Power in colonial Africa: conflict and discourse in Lesotho, 1870-1960
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Nobody who is thinking of rebelling is going to surrender their guns, because that would be really stupid. Two, people who were not thinking of rebelling are going to start thinking about rebelling once you start stealing expensive property that also allows them to defend their families against the Boers.
Three, even if some people do turn in their guns, everyone who likes you and might defend you in a conflict then has no guns. But everyone who hates you still does. Do you see? Do you see the corner you have painted yourself into? Just cause.
Power in Colonial Lesotho: Conflict and Discourse in Lesotho, 1870-1960
And the BaSotho stayed astoundingly chill and handled the situation with aplomb. He would like, agree to surrender his guns, and then his brother would steal the guns as they were on their way to the British, and Letsie would be like:. Go with all your men! And the British would write letters to each other talking about how weak a chief Letsie was, and secretly Letsie and his brother and sons were apparently just all:.
Did you see that? Did you see that slam on colonial South Africa?
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What did colonial South Africa ever do to me? This is like that time I insulted Ghana for no reason. Like maybe they were ordinarily awesome at administration and this was a total outlier situation for them. She has a new book out with University of Rochester Press about oral traditions of the kingdoms of Southeast Africa , which looks amazing and landmarky. At the suggestion of etudesque , I have made a dedicated page for my Africa reading project. If interested, you may follow my progress there.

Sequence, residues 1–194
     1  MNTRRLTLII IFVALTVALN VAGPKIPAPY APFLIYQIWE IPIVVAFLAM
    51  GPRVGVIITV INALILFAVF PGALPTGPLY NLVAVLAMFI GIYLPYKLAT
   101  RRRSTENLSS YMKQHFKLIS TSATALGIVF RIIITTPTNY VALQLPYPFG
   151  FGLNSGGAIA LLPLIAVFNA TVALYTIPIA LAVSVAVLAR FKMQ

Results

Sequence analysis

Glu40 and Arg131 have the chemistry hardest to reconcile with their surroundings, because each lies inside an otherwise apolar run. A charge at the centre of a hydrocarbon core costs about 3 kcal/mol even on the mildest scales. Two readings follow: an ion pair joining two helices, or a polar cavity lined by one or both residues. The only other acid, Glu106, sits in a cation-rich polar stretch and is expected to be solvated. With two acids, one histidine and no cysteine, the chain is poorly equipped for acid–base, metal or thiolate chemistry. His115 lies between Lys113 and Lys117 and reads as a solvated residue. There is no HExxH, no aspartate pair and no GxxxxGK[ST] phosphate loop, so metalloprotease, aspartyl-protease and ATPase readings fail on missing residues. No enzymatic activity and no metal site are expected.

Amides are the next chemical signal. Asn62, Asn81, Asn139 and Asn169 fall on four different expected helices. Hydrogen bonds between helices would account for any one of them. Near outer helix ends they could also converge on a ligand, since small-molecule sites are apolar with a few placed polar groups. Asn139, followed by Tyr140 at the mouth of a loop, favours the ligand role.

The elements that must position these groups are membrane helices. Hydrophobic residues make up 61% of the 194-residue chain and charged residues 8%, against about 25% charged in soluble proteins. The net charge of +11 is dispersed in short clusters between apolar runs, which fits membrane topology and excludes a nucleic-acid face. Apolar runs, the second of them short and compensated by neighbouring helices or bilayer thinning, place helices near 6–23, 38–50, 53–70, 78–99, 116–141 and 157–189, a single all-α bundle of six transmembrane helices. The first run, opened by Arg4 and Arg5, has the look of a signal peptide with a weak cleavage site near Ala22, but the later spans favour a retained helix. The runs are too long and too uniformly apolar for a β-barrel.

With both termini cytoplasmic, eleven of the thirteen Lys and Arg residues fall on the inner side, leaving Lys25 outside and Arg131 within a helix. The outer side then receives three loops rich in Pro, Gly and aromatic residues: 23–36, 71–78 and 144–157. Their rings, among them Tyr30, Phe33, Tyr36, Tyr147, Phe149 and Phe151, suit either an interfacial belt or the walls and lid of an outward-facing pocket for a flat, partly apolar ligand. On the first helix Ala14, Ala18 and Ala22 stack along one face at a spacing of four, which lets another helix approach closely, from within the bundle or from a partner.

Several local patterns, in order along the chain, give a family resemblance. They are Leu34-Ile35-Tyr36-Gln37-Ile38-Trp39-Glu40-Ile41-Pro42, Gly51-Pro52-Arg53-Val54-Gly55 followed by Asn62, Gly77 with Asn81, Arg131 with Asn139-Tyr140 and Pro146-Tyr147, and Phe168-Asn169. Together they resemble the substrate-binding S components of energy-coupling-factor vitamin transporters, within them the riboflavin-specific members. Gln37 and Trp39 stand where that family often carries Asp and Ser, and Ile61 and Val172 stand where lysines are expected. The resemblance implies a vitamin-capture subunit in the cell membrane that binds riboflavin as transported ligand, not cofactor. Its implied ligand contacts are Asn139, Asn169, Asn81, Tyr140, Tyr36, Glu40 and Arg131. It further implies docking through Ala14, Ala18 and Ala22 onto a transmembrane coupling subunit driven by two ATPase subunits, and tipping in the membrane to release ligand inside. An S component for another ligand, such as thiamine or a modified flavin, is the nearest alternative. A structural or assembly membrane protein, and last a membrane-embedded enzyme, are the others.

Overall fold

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GO ON. By Elizabeth Eldredge.
Madison: University of Wisconsin Press, Elizabeth Eldredge's work provides important detail and critical analysis of some defining moments in Leostho's history, and successfully uses Lesotho to illustrate how Africans used hidden messages in public discourse to challenge colonial rule. The book makes excellent use of archival material, and provides insightful analysis of colonial documents, but would have benefited from a more extensive use of oral sources.
The critique of older scholarly work in the introduction does not seem necessary for her argument. Chapter 2 begins with a general political history of Lesotho from to that provides context for the subsequent chapters.
In Chapters 3 and 4 Eldredge dissects the use of rhetoric between Moorosi and colonial officials leading up to war in Her analysis demonstrates how Moorosi's rebellion was a prelude to the Gun War of Eldredge refutes the idea that the Gun War was a civil war between the Basotho, instead arguing that the Basotho mutually agreed upon the roles of loyalist and rebel.
Although this may have been the case in some instances, the violence between Joel and Jonathan Molapo in Leribe suggests that not all Basotho were on the same side.
The author states that Letsie I assigned the roles of rebel and loyal to Joel and Jonathan, and although this is a new and intriguing approach to Lesotho history, the evidence does not fully support this conclusion. Although most of the literature on Lesotho has portrayed Letsie I as a weak and powerless paramount chief, Eldredge does an excellent job of correcting this impression and demonstrates that he cultivated this image to obscure his role in the rebellion to avoid angering the British.
She argues that Letsie I was using the political tactic of dissembling- a tactic that his father Moshoeshoe had used with the British.